Mayfly nymph (Genus Deleatidium) Single gill mayfly nymph

Kingdom: Animalia
Phylum: Arthropoda
Class: Insecta
Order: Ephemeroptera
Family: Leptophlebiidae
Genus: Deleatidium
Common name: Single gill mayfly nymphs

Deleatidiums are one of New Zealand's most common and widespread mayfly. They have the three long tails, a feature typical of mayflies. The flying adult's lifespan can vary from just 30 minutes to one or even two days depending on the species. The primary function of the adult is reproduction; the mouthparts are vestigial (non-functional), and the digestive system is filled with air.
Deleatidium aquatic macroinvertebrate nymphs are the most abundant invertebrates in many fast-flowing, stony-bottom streams with cool, well-aerated water, especially in the South Island’s mountains and bushy areas. They have a flattened body form that allows them to hold on to stones in fast flowing streams. The nymphs, like most mayflies, have leaf-like gills along the sides of their body. In many mayflies, these gills are arranged in pairs, but in Deleatidium the gills are single. Deleatidium has a wide labrum, this is a flap-like structure that lies immediately in front and top of the mouth.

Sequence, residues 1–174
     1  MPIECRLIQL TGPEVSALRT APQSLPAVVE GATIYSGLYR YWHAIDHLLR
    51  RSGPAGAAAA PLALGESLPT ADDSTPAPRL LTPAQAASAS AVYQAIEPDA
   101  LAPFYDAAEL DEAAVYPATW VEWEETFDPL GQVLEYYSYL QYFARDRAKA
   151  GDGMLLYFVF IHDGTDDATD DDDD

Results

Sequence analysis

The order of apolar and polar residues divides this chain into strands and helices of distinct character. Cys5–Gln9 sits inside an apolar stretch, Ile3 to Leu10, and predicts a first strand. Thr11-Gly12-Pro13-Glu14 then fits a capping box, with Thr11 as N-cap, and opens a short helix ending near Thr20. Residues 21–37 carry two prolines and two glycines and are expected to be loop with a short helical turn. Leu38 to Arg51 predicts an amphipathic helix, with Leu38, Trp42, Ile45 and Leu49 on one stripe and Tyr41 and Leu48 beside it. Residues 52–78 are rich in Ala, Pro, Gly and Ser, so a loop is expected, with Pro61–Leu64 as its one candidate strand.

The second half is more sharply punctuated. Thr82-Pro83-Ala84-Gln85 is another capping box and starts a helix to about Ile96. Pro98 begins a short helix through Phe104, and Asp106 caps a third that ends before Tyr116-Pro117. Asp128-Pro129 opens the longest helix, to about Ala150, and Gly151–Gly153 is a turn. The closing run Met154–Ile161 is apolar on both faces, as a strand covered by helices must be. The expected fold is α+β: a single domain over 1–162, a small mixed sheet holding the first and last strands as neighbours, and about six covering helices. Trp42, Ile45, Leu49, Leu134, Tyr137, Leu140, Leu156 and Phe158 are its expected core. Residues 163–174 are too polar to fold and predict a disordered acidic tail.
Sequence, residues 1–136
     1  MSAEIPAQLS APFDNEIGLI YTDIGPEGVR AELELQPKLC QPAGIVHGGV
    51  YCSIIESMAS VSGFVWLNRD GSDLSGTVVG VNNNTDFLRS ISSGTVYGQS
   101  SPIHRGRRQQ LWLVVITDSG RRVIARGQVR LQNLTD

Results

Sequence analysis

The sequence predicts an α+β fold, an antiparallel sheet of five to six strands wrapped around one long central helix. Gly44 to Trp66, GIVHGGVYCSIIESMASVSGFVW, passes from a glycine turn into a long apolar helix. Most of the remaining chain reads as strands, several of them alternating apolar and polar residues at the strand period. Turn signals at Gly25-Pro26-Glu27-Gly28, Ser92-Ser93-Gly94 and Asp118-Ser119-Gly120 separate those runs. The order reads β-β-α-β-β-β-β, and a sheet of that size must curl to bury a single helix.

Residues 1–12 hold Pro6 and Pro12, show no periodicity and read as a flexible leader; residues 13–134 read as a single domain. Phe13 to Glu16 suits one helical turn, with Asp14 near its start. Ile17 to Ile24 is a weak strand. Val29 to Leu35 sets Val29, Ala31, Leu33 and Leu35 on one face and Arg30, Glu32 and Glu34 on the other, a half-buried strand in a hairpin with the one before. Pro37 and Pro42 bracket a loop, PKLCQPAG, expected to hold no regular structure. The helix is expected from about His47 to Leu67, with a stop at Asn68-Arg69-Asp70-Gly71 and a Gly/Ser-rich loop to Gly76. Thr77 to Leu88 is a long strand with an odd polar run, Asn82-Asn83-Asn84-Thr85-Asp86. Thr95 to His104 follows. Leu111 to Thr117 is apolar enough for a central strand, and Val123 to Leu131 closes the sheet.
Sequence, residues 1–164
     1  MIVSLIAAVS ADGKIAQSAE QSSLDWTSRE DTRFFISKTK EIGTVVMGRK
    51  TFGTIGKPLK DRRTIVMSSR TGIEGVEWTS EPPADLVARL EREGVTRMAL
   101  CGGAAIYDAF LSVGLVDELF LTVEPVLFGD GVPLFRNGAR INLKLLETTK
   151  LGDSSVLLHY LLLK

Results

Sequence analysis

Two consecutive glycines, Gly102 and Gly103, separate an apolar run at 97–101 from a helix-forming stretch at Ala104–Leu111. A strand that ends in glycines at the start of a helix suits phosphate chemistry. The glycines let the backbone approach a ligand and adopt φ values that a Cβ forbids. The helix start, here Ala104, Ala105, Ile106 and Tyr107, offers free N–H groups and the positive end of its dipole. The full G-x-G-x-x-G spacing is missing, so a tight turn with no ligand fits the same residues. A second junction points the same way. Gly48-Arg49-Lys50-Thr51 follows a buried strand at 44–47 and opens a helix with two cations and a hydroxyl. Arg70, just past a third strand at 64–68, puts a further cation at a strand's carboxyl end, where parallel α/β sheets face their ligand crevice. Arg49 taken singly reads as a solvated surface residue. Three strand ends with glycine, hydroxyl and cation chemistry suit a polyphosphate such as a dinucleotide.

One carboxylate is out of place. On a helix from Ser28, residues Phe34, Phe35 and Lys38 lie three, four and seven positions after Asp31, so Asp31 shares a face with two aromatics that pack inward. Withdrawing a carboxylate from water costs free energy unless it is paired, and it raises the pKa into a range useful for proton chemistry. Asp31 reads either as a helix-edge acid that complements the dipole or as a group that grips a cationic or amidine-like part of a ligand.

The nymphs feed by scraping diatom algae and other organic matter from stone surfaces. They are not found in streambeds that are too heavily covered by algae. High numbers of Deleatidium suggest good water quality conditions, especially if other mayfly or stonefly groups are abundant.
Deleatidium larvae provide an ideal food source for fish so their abundance can increase the growth rates and size of fish in streams and rivers.

Deleatidium mayfly nymph. Arrow is pointing to the single leaf-like gills
Deleatidium with algae b 650 (1).jpg

Another mayfly nymph, Genus Deleatidium, Single gill mayfly nymph
Delatidium sp. Mayfly nymph ..jpg 

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